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Plastic and reconstructive surgeons have historically been quick to grasp and apply new techniques and apply them. Many of these advances have come from New Zealand surgeons.

Dunedin-born Sir Harold Gillies is widely considered to be the ‘father of plastic surgery’. Trained as an ear, nose and throat surgeon, he turned his considerable talent to skin grafts and reconstruction – especially facial reconstruction – and brought plastic surgery into mainstream medicine.

Sir Harold Gillies developed the tube pedicle flap which is left attached to the original site by a narrow base of tissue to provide a blood supply during grafting. His cousin, Sir Archibald MacIndoe, also Dunedin-born, greatly improved the treatment and rehabilitation of badly burned aircrew.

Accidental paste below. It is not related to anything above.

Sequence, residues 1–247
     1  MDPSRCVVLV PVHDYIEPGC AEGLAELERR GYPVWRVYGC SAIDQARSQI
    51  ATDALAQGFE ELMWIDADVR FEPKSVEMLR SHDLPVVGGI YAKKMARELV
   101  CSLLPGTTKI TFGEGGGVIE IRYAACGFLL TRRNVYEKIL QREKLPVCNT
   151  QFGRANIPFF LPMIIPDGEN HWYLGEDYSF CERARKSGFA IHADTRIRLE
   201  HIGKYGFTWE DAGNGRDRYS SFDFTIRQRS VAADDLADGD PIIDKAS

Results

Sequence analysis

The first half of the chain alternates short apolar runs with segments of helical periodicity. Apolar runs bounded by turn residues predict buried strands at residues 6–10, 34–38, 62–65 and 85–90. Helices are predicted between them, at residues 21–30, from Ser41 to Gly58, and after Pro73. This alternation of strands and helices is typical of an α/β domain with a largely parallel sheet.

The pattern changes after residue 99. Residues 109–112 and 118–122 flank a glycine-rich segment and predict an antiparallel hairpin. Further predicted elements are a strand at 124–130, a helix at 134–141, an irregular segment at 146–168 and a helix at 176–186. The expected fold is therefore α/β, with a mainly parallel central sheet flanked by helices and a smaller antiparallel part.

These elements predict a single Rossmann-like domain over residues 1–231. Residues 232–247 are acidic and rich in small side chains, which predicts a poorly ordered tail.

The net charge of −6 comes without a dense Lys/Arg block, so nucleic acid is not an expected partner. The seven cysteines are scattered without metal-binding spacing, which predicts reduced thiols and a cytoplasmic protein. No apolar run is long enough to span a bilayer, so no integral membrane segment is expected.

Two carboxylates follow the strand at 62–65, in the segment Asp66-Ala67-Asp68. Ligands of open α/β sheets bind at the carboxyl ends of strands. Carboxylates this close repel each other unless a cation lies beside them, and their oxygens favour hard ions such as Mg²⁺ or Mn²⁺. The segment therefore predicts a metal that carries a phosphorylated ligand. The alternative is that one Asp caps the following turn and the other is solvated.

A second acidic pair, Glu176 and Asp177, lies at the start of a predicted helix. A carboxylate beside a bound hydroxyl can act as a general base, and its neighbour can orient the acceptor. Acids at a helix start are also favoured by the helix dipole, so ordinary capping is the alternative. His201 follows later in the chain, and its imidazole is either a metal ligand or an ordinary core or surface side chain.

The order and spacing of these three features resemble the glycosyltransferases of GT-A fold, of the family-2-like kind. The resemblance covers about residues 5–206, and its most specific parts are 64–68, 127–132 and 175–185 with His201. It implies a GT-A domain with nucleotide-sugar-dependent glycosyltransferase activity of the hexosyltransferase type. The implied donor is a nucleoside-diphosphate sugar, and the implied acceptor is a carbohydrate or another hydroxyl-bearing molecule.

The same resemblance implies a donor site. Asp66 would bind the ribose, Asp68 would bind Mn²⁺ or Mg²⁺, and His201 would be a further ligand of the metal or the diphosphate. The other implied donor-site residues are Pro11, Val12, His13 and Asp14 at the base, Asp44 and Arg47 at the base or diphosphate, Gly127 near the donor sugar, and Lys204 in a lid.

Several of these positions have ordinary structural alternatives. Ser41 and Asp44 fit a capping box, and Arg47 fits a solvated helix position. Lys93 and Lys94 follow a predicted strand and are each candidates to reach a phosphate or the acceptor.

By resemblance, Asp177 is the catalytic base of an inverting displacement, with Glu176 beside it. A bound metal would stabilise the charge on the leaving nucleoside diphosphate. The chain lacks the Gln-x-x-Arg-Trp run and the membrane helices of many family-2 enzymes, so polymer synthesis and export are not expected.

Sir William Manchester, originally from South Canterbury, set up the country’s first plastic surgical unit at Middlemore Hospital and was internationally renowned for his work with cleft lip and palate. Auckland’s Michael Flint was a world authority on wound healing biology and scar management; and John Williams, also of Auckland, has worldwide recognition for his work with penile abnormalities.

Five hospitals in New Zealand have plastic surgery units – Middlemore, Waikato, Hutt, Christchurch and Dunedin. However plastic surgeons are routinely called on to operate in most large public hospitals and there are visiting services at hospitals in other centres.